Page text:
Experts at DTZ in Manchester review the 2013 commercial property market and look ahead to 2014.
MANCHESTER OFFICE MARKET
‘City centre take-up reaches a three year high’- Ken Bishop, Senior Director in DTZ’s Office agency team comments on the city’s office market:
“The office market is looking far more positive than was the case 12 months ago. Improvement in the national economy has created greater confidence amongst businesses and an increase in activity after the summer holidays has been particularly in evidence.
“Total take-up for 2013 will be the highest for three years and it is even possible that it will achieve the long-term average of 950,000 sq ft, even without the long-running saga that is the Project Tomorrow, a requirement where terms have been agreed for at least two years on approximately 200,000 sq ft for a number of buildings across the city.
“The year has seen a number of large requirements for existing buildings which has been the case for many years. Barclays Bank is committed to 80,000 sq ft at 4 Piccadilly Gardens; Trader Media Group have agreed to take 40,000 sq ft at No. 1 First Street and at the beginning of the year Travel Jigsaw signed a lease on 62,280 sq ft at Sunlight House. In addition, Australian lawyers, Slater & Gordon, are currently seeking 100,000 sq ft in the city centre.
“The four occupiers at Barbirolli Square (PWC; Addleshaw Latham; Ernst Young and DLA) are considering their position given their lease expires in the middle of 2017. Whilst all four occupiers may not relocate it would be surprising if none of them did. As a result, the first half of 2014 may see one or more sign a pre-letting.
“Developers are responding to the demand and improved market conditions. Mosley Street Ventures have announced their intention to commence the speculative construction of 162,000 sq ft at 2 St Peter’s Square and Allied London have made noises about starting The Cotton Building and 1 Spinningfields. With other developers gearing up to commence work it is likely that there will be three, if not four, new schemes under construction by the end of 2014.”
‘Caution is still the watchword as confidence slowly returns to’ – Tony O’Keefe, Director in DTZ’s Industrial agency team comments on the North West’s industrial market:
“The North West Industrial market has recorded a number of highlights through the course of the year.
“A brace of deals to accommodate over 1.5million sq ft of accommodation at Miller developments/HCA Omega Scheme in Warrington to Hermes Parcelent, Brake Brothers, Travis Perkins and ASDA set the tone for the year and was followed by other large deals to B&M, Home and Bargains in Liverpool. Retailers continue to dominate take-up in the logistics market where there has been a noticeable ‘land grab’ by occupiers which looks set to continue as they secure the little deliverable land left in the region.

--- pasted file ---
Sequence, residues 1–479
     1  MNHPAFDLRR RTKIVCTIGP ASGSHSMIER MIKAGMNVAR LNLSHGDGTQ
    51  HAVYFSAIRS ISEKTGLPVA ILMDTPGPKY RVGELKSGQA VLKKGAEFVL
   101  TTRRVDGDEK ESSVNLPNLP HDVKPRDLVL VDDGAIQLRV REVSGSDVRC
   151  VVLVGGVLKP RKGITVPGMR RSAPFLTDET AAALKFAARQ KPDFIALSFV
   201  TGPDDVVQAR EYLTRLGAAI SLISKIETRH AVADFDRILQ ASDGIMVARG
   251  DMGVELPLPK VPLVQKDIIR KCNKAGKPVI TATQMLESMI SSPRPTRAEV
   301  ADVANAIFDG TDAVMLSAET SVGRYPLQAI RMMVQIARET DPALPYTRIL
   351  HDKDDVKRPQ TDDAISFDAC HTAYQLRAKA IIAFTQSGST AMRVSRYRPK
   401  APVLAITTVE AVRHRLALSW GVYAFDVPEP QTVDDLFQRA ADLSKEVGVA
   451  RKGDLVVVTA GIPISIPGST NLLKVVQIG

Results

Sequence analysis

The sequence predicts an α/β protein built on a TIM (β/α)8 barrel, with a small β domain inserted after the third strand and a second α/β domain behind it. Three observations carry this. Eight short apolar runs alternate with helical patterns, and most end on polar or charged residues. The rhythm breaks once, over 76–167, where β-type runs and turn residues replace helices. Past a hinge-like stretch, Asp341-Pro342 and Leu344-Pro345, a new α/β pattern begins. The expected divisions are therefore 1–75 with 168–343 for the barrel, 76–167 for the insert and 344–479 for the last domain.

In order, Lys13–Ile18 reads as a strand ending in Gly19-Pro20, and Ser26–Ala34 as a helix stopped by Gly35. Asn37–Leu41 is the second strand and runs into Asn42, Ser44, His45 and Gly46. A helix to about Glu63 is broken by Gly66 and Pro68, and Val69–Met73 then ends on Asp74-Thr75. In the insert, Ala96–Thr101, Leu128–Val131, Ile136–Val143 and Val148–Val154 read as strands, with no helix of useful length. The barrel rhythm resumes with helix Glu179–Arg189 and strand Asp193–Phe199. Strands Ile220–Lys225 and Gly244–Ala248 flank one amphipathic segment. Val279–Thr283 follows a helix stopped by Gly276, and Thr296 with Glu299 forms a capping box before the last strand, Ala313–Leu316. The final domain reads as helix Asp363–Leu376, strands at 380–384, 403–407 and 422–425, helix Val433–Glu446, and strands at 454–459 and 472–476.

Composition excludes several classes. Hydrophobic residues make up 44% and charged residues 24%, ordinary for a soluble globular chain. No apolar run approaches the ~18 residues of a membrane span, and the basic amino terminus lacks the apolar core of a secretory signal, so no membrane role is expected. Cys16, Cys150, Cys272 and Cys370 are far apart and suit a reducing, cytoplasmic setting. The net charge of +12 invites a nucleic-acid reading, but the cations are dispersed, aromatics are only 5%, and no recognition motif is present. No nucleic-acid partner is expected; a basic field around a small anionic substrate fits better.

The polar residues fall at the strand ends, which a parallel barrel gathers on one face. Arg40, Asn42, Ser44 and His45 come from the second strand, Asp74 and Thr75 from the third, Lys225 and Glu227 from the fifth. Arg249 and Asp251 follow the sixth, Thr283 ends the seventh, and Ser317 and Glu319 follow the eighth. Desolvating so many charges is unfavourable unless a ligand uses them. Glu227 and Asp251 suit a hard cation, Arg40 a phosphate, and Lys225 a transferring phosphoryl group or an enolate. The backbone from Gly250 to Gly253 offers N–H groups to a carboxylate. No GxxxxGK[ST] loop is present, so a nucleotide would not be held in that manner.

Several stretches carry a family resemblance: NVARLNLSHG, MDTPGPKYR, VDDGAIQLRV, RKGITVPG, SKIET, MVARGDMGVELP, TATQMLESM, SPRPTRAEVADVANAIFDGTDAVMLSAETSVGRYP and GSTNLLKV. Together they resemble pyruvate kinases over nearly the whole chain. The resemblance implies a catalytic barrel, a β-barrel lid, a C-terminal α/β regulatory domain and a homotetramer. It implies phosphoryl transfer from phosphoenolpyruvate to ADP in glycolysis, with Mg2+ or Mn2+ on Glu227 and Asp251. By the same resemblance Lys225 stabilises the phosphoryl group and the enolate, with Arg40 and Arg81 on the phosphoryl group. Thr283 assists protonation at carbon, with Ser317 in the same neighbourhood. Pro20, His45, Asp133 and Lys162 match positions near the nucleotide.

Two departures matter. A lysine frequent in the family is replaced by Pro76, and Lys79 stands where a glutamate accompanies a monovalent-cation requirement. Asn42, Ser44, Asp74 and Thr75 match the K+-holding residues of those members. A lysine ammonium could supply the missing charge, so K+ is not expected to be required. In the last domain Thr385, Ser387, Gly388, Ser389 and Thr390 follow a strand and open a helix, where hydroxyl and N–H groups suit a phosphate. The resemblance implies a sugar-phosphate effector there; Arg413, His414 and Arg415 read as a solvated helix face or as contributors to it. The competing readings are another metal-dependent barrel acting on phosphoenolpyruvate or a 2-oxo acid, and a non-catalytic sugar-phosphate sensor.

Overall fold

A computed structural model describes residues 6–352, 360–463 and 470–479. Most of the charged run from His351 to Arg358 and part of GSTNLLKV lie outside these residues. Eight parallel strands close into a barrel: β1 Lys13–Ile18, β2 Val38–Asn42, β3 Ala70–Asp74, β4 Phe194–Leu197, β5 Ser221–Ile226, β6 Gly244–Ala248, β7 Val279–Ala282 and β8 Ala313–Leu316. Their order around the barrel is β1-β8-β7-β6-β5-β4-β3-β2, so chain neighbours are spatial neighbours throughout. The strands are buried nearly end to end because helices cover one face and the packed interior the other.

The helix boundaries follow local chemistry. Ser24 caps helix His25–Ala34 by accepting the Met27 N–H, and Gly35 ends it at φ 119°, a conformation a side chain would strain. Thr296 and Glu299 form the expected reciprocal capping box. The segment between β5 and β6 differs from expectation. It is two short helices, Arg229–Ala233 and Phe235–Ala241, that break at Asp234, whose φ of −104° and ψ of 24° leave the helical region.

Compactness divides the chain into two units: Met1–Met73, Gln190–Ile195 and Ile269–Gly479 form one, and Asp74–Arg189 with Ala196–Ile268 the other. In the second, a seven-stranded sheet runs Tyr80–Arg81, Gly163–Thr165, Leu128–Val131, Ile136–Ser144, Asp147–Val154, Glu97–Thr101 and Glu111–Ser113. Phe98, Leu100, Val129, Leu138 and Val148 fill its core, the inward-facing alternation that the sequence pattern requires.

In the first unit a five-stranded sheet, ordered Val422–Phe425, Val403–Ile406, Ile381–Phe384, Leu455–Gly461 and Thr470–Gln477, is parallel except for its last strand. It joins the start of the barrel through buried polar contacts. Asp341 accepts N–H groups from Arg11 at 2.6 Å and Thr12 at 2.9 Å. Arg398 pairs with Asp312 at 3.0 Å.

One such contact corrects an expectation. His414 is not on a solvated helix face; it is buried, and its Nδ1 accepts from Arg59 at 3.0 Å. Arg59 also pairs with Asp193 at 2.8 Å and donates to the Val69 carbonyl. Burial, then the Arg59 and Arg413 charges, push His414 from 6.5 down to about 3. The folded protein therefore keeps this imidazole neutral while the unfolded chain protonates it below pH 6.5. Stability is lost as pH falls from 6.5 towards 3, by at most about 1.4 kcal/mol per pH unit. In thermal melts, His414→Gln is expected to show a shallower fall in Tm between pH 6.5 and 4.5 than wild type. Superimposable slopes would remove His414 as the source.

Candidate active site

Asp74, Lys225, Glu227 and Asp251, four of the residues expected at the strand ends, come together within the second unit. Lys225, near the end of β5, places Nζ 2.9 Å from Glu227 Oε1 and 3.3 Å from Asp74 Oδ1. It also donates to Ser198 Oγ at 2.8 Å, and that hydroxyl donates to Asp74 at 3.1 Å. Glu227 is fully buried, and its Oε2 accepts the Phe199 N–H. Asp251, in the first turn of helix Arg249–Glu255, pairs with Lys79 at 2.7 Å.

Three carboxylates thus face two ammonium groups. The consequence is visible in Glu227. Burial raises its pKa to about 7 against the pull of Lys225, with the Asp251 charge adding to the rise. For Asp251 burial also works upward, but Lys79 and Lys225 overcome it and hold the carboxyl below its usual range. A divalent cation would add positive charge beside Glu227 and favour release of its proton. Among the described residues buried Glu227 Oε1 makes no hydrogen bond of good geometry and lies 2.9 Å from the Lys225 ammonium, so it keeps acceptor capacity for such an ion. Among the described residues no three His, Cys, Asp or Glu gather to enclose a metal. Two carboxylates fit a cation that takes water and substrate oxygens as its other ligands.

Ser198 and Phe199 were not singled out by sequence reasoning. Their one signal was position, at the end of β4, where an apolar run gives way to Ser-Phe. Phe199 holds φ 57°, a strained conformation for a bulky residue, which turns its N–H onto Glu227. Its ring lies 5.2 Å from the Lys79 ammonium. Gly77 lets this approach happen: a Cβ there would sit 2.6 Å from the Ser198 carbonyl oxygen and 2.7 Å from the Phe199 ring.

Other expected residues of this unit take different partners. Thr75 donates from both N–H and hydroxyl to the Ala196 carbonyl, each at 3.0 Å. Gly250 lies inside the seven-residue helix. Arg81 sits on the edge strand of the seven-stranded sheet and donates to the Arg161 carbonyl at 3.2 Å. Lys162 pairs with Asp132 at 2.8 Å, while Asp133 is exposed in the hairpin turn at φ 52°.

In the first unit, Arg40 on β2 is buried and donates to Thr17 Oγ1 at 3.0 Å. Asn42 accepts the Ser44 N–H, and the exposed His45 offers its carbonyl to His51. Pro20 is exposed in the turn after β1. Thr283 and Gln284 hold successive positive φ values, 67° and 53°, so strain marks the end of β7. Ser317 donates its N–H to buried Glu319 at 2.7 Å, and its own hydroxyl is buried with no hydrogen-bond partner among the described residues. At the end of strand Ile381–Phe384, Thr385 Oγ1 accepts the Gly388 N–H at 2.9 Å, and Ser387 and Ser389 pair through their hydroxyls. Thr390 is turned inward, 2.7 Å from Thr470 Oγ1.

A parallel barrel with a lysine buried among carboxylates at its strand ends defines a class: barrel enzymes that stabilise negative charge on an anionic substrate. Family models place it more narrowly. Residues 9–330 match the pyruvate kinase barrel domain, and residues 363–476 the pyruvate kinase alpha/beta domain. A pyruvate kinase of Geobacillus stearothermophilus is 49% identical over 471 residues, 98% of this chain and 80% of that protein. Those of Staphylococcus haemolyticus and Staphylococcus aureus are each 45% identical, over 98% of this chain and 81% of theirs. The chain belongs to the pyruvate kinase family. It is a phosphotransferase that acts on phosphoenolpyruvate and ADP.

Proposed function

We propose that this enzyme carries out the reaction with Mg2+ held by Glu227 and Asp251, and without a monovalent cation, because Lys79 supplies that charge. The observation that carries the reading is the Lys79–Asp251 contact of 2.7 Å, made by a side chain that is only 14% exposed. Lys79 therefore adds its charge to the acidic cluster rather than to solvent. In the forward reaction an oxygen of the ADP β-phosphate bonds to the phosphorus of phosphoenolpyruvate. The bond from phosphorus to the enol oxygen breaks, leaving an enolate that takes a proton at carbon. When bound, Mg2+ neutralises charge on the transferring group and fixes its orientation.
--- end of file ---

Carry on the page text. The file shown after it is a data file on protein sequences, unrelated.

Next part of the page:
“Omega shone in 2013, however, the baton of success is set to pass to Harworth Estates, Logistics North scheme in Bolton which is expected to emerge as the pre-eminent Industrial Park in the region.
“One of the most significant industrial developments in the north of England, the 110ha employment development will deliver up to 372,500 sqm (circa. 4 million sq ft) of industrial and storage/distribution space. Harworth has just secured a resolution to grant planning permission from Bolton, Wigan and Salford Councils for the scheme. Details of the first phase of development comprising a c. 450,000 sq ft regional distribution centre for Aldi have also been approved as well as the 225ha country park on land surrounding the employment site. Construction of the site infrastructure, the first phase of the development and the country park will commence in early 2014.
“Outside of the larger logistics market conditions remain challenging but there are reasons to be positive. As available quality accommodation dwindles occupiers will be faced with a supply shortage and developers are poised to respond to this demand. There has been little speculative development of note in the region although new schemes have been seen by Barnfield Construction and Chancerygate is to develop a new 80,000 sq ft scheme at S Park, Stockport. It is anticipated this will be a forerunner to further development across the region but these will only be seen on prime sites in tried and tested locations.
“We continue to experience the lowest availability levels of Grade A product in the UK, with less than six months of built supply, and during 2014 we expect to see improved take-up of secondary accommodation as occupier demand permeates through the quality strata and a return of speculative refurbishment of accommodation.
“Landlords will be in the ascendancy and we should expect this to be reflected in leasing terms, incentives and rents. However, whilst the North West is poised to respond to improved economic sentiment caution is still the watchword as confidence slowly returns.”
‘Another mixed year for the commercial property market’ – Russell Hefferan, Associate Director in DTZ’s Valuation team comments:
“2013 was another mixed year in the commercial property market, with prime property continuing to remain strong. We noted a marked improvement for secondary, although tertiary continues to struggle. Overall the market has improved over the last 12 months, investors and lenders are more confident and we are now seeing asset management initiatives being factored into investor pricing, particularly on secondary stock. Over the previous four years, voids were typically seen as a liability by landlords, however over the last 12 months as occupier demand has stabilised voids are now seen in a more positive light and as a way to improve the overall income profile of an investment. Out of the three main sectors of the commercial property market, the retail sector continues to have negative annual rental growth, although over recent months this has been trending upwards, driven by an improvement in shopping centres. The lack of speculative development in the industrial and office sectors has helped to maintain rental levels, and demand from tenants has resulted in incentive packages offered by landlords in the form of rent-free periods have generally reduced.